The poster for the West End Shakespeare Ensemble's production of The Taming of the Shrew has the familiar visage of Shakespeare saying, "This is the funniest production of this play I've ever seen!" Well, not quite, but director Russell Treyz drew laughs seemingly from thin air. The play was full of fine and funny bits of business, all of which the script supports.
Instead of simply jettisoning the Christopher Sly prologue, it was transfigured into a "director" giving instructions to the cast for a final tech rehearsal, thereby explaining unfinished costumes and substitute props being used. There was plenty of terrific slapstick, some of which was spectacularly successful, and off-stage effects added to the merriment. All was not perfect in Padua, however, and some unevenness in the acting was problematic.
If everyone were up to the level of Jean Tafler's Katherina, then all would be right with the world. Her excellence was not apparent at the start, when she seemed rather perfunctory in her scenes with Bianca (Amy Carickhoff). But she (and the play) exploded into excellence when she first meets Petruchio. The scene is wildly comic, cringingly violent, and stunningly sexy - Katherina is alive. The play was 20 degrees hotter whenever she and Tom Huston, a strong and virile Petruchio, were on stage together, and each was at their best when addressing the other.
Carickhoff's Bianca was a wide-eyed innocent, and she held the stage with authority while being very, very sweet and very, very funny. Servants also were strong comic presences, with Biondello (Michael Checchi), Grumio (Michael Burnet) and Tranio (Kevin O'Donnell) especially effective. In fact, Tranio presented a conundrum, being more Lucentio-like than Lucentio (Marc O'Donnell). This worked for the play only because Tranio pretended to be Lucentio most of the time, but it makes Bianca's preference puzzling. Others in the cast did the right things at the right times and participated wholeheartedly in the fun, but unfortunately they didn't have the same resonance as the more powerful players.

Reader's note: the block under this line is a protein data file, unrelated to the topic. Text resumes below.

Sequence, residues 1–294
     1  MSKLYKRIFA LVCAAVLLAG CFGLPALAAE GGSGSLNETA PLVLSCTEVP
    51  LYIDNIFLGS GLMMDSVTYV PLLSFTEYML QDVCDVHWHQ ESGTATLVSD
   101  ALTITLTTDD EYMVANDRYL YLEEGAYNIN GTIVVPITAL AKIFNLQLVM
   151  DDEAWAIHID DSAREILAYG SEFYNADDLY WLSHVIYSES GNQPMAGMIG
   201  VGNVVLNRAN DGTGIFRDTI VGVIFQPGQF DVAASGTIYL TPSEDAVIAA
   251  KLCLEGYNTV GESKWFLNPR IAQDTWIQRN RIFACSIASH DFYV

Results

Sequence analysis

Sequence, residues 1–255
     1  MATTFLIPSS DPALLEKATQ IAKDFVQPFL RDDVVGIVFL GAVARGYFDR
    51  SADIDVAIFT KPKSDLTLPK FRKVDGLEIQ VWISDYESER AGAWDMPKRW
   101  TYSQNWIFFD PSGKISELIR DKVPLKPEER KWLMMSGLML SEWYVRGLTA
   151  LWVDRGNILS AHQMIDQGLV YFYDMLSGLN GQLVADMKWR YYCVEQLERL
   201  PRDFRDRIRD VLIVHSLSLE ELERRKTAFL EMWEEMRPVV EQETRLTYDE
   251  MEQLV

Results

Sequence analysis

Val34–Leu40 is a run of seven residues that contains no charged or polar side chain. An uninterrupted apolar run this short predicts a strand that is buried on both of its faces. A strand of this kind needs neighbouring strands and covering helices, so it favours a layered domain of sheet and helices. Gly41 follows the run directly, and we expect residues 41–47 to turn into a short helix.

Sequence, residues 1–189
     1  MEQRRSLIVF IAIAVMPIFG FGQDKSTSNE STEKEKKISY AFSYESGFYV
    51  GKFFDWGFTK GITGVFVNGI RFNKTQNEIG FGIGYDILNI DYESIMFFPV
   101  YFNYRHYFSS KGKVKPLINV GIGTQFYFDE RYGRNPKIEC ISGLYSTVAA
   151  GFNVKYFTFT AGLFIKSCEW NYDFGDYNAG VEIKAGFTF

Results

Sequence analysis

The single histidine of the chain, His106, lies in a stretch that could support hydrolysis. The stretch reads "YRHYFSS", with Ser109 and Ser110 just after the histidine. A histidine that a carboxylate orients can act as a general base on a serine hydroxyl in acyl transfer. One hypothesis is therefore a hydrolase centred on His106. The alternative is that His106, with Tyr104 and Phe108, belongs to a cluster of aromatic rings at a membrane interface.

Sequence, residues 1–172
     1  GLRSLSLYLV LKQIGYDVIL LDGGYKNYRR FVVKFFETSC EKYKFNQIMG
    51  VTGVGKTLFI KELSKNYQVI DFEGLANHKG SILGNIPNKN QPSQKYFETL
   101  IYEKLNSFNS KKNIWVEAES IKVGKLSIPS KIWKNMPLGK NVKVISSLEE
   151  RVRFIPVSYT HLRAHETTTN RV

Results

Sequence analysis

The set (Bob Phillips) was a raised platform with painted backdrop curtains depicting the Italian settings, and the costumes (Rachel Attridge) were a melange of period suggestions and modern touches. The lighting (Jim Szekely) was unobtrusive but occasionally would narrow to highlight a speaker, to limited effect. A mock radio station was playing love songs before curtain and during intermission, including "I Am Woman" and "Tainted Love" (sound uncredited). Point received.
But it is the transformation of Kate, courtesy Tafler's talent and Treyz's direction, that was the wonderment of this production. Kate has not only learned how to play the game (and to her it clearly is a game); she enjoys it and has become a master of it. It is not a giving in, there's no residual anger, and she hasn't suppressed or subverted anything in her personality. It's an awakening, and she has blossomed - as a woman, as a human being. People spend years in therapy learning how to do this.
Also with Donald Warfield, Gary Mink, Carl Wallnau, Michael Fitzpatrick, John Daggett.
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Copyright 2001 David Mackler